H1N1 Swine Flu is Not Just A Hoax By Big Pharma
Debora MacKenzie, New Scientist Magazine
With official deaths remaining relatively low, the backlash against the H1N1 pandemic response is in full swing. Claims range from a massive overreaction by health authorities to a conspiracy cooked up by Big Pharma. But while swine flu may have boosted profits for vaccine manufacturers, the reality of the pandemic is more complicated.
First, the pandemic isn't over. While cases in
"They had vaccine but they didn't encourage its use," says
Even if we don't see a 1958-style comeback, classifying the pandemic as a damp squib at this point would be premature. Although the
"We anticipate that these figures will be much larger,"
What's more, straight death counts mask what was particularly scary about 2009 H1N1: that it doesn't just strike the old and infirm. About 90 percent of seasonal flu victims are over 65. In contrast, 88 percent of H1N1's victims have been under 65.
The perception that H1N1 is harmless may stem from ordinary people rarely seeing the severe cases, says
What about the millions paid to vaccine companies? All the scientists contacted by New Scientist say launching vaccine production at the start of the pandemic was appropriate.
"When a virus emerges from the animal reservoir you don't know how it will behave," says
Vive la Resistance to Flu
Vaccinating people against swine flu may be a lot easier than anyone dared hope, as it turns out that people have an unexpected degree of immunity to the pandemic now sweeping the world.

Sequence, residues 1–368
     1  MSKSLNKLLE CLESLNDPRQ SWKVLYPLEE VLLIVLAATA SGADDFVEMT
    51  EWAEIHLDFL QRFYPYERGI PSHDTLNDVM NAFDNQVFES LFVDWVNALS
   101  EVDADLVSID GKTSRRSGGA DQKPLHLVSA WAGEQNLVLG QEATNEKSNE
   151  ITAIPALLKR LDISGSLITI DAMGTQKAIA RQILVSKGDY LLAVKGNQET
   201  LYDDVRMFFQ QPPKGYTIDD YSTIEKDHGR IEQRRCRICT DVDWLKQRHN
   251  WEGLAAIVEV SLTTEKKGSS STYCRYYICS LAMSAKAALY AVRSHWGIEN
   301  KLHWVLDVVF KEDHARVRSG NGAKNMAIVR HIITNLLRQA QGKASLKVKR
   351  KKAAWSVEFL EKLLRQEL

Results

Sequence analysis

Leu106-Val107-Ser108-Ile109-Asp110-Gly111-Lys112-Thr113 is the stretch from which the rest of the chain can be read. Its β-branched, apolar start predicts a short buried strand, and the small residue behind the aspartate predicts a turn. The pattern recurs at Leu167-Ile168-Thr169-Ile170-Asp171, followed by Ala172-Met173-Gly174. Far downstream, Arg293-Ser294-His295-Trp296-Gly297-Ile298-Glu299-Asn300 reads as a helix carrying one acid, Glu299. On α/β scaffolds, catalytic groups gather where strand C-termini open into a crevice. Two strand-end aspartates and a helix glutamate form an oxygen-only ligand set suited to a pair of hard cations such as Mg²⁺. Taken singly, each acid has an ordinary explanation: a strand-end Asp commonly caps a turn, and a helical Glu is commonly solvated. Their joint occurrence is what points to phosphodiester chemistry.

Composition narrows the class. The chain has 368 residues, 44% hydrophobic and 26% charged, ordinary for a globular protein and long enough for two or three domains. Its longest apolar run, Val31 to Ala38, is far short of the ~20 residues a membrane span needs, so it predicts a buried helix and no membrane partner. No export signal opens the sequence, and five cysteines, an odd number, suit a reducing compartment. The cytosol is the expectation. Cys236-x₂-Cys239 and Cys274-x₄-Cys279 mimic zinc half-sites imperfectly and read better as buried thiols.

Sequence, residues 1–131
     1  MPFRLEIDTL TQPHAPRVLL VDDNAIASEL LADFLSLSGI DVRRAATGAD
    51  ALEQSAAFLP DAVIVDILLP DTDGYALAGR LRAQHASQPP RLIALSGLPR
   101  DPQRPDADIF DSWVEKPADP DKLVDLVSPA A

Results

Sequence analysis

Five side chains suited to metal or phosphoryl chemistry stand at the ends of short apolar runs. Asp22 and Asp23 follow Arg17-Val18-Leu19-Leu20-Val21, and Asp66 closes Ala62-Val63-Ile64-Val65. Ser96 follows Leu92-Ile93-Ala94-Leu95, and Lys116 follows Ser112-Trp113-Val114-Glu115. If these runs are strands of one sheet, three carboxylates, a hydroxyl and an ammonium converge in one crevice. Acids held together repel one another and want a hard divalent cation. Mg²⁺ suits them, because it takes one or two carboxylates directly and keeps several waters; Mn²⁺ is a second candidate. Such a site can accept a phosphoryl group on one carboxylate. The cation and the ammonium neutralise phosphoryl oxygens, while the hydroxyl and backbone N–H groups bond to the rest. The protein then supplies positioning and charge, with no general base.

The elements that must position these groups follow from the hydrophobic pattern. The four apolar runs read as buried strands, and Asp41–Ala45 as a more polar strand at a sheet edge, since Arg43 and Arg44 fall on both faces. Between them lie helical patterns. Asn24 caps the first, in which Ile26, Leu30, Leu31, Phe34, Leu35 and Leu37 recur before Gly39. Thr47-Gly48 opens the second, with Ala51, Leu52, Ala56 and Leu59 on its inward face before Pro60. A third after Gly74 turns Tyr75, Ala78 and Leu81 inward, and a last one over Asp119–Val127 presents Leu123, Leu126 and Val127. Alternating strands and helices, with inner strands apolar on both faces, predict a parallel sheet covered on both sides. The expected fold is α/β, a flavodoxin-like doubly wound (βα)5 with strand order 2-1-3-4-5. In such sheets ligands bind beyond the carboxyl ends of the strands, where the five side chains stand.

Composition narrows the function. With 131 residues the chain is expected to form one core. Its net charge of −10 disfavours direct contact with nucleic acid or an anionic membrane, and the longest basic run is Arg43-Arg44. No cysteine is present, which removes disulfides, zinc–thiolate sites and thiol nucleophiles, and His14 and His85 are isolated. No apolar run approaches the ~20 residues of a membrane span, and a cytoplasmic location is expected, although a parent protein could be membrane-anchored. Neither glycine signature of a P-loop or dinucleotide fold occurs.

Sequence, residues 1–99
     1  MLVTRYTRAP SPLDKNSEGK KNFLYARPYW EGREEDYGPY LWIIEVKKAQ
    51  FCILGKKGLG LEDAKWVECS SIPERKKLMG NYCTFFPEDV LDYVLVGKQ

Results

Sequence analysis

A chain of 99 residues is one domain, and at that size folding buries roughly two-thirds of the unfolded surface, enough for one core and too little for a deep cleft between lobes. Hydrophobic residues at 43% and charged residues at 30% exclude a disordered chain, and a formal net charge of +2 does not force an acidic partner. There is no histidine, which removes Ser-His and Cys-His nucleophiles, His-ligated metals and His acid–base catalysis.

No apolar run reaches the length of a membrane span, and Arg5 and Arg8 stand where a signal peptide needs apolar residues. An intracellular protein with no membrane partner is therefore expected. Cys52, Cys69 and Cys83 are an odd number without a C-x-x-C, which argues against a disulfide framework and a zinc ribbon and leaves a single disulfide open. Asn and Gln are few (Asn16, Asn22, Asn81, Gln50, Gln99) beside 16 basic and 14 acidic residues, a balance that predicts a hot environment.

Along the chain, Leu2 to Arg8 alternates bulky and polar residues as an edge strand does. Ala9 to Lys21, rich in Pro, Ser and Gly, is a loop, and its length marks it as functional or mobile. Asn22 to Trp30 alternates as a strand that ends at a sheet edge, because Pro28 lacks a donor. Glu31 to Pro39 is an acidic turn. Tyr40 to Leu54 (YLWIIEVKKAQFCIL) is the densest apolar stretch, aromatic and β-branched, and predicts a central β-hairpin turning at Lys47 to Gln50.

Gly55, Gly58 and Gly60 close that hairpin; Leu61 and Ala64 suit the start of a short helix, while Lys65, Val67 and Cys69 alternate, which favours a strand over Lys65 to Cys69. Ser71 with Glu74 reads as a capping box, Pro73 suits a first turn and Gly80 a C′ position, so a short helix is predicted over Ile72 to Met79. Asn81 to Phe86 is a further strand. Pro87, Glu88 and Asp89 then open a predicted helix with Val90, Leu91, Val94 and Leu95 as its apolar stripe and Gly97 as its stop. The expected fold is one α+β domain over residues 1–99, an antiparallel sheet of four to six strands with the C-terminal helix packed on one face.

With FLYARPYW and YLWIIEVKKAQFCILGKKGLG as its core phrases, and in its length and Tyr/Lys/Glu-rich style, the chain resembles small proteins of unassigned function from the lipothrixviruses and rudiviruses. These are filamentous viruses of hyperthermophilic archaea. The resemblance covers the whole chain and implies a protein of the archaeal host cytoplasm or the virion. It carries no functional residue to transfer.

In an effort to contain swine flu, the French Health Ministry this week called for citizens to avoid "all direct contacts between people and particularly with sick people," which means no kissing or shaking hands.
This may go down in history as the most confusing flu season ever, given that a vaccine for the new H1N1 swine flu isn't yet available, but the plain old seasonal flu vaccine is. Talk about a recipe for pandemonium at the pediatrician's office!
Seasonal Cold or Swine Flu? Moms Face Tough Calls
I sent my 11-year-old son to school today with a stuffy nose and mild cough, as I've done countless times in the past. Now, though, I'm wondering whether I should have kept him home. How do I know it's really a garden-variety cold and not the swine flu?
The National Institute for Allergy and Infectious Diseases made it easy to think that all children will need just one swine flu immunization, but that's not true. The younger a child is, the less well his or her immune system responded to the swine flu vaccine in clinical trials. So children under age 10 will need two doses of swine flu vaccine, one month apart, according to the NIAID itself.
Better Ways Medicine Can Beat Back Swine Flu
Bernadine Healy M.D.
Yes, today's swine flu outbreak could change quickly. But it's time to give up the ghosts of 1918 that so haunt our medical thinking. Our challenges today are not what they were when we had nothing to offer but are more about knowing just what to offer, when, and to whom. This swine flu pandemic promises to teach numerous lessons that will inform future crises. Some are already evident
(c) 2010 Debora MacKenzie, New Scientist Magazine